What Is a Social Security Number (SSN)?
A Social Security Number (SSN) is a numerical identifier assigned to U.S. citizens and some residents to track their income and determine benefits. The Social Security Number was created in 1935 as part of The New Deal as a program to provide for retirement and disability benefits for the old and infirm. While the original intention of the program and the individually-assigned identification number was simply to track earnings and provide benefits, it is now also used for a wide range of purposes, such as to identify individuals for tax purposes, to track their credit record, and approve for credit. In the United States, an individual is asked to provide an SSN to obtain credit, open a bank account, obtain government benefits or private insurance, and to buy a home or a car, among many other pursuits.
How Social Security Numbers Work
With very few exceptions, all U.S. legal residents (citizens, permanent residents, and temporary/working residents) have a Social Security Number. Even non-working residents (citizens and non-citizens alike) will have an SSN because of how useful it is to businesses and government entities. The legal framework for assigning a Social Security Number is provided under Section 205(c)(2) of the Social Security Act (42 U.S. Code, Chapter 7, Subsection 405). Social Security Numbers and cards are issued by the Social Security Administration (SSA).
Social Security numbers are now random streams of digits, but prior to 2011, they were not. At that time, the first three digits represented the area in which the individual was born or was from. The next pair of numbers was originally slated to represent a year or month of birth. Because they worried about this being falsified, the Social Security Administration instead voted to have it represent a group number. Thus far, no Social Security Numbers have been reused, though there have been some cases in which two people were issued the same number.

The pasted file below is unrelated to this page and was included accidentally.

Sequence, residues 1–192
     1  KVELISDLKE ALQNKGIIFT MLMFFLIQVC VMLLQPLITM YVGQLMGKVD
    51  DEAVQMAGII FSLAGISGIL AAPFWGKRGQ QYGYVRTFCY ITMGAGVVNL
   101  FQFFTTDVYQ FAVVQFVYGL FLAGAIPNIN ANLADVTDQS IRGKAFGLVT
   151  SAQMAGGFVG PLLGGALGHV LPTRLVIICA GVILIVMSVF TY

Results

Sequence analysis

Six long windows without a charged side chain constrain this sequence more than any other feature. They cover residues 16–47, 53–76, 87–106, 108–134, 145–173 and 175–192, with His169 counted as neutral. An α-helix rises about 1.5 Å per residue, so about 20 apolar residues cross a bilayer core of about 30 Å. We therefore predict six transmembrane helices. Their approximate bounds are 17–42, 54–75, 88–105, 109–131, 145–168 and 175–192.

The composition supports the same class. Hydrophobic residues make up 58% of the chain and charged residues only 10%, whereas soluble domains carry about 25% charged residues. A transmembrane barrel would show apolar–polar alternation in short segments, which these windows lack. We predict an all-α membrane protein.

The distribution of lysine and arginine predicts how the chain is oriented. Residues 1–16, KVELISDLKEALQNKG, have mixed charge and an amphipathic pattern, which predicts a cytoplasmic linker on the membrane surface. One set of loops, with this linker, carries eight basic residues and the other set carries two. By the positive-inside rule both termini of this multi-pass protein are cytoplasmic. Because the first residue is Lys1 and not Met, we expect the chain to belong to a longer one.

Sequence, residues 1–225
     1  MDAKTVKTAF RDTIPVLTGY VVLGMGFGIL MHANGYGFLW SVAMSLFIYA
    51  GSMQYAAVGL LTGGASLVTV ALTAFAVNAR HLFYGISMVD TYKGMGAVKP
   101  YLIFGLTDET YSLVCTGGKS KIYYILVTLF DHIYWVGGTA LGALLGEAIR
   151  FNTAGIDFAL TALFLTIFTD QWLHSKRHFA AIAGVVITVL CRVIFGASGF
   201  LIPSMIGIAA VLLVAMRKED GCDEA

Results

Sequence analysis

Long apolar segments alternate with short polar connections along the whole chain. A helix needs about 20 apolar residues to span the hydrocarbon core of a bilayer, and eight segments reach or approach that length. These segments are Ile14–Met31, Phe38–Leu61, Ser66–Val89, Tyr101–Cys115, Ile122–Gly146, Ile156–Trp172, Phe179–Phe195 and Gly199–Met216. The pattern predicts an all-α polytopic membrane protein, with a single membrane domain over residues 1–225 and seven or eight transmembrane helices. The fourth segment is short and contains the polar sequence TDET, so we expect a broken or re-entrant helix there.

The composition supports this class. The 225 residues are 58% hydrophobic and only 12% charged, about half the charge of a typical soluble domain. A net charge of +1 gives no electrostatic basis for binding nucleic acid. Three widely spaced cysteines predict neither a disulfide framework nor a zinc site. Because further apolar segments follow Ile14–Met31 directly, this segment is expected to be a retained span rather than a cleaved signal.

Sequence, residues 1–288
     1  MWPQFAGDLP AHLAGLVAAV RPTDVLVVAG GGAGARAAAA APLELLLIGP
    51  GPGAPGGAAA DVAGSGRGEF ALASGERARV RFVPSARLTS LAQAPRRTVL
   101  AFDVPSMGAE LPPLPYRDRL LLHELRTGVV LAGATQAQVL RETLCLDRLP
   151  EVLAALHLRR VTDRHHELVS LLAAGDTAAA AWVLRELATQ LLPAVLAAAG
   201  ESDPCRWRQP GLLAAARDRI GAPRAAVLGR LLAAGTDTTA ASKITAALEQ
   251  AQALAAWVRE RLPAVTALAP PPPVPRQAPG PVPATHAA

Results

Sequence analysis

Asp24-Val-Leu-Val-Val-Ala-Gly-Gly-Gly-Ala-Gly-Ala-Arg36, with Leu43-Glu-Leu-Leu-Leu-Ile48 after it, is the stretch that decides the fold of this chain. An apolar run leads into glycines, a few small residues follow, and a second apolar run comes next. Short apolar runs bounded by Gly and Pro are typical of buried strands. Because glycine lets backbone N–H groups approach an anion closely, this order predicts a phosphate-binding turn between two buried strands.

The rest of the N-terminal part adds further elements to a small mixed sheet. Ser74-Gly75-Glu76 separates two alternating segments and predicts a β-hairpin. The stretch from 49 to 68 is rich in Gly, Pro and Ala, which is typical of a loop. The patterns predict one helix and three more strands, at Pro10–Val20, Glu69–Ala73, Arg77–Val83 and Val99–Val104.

Social Security Number: How to Get One
A Social Security Number (and card) may be obtained by filling out Form SS-5 (Application for a Social Security Card) from the Social Security Administration. The form covers obtaining an original card, replacing a card, and changing or correcting SSN records. A full list of requirements (such as documentation that proves age, identity, and U.S. citizenship/immigration status) are listed in the form. There is no cost for obtaining a card or number. In some circumstances, an individual may change their Social Security Number.
Social Security Number and Identity Theft
Since the Social Security Number is used so frequently as a personal identifier and to obtain credit, and it contains no biometrics and relies on documentation to prove validity, it is susceptible to use for identity theft and fraud. A notable example is when the CEO of identity theft prevention service LifeLock used his SSN in advertisements as a testament to his company's effectiveness. His identity was later stolen multiple times. There has been some movement among legislators to separate some activities from SSN use, such as renting an apartment or obtaining a hunting or fishing license.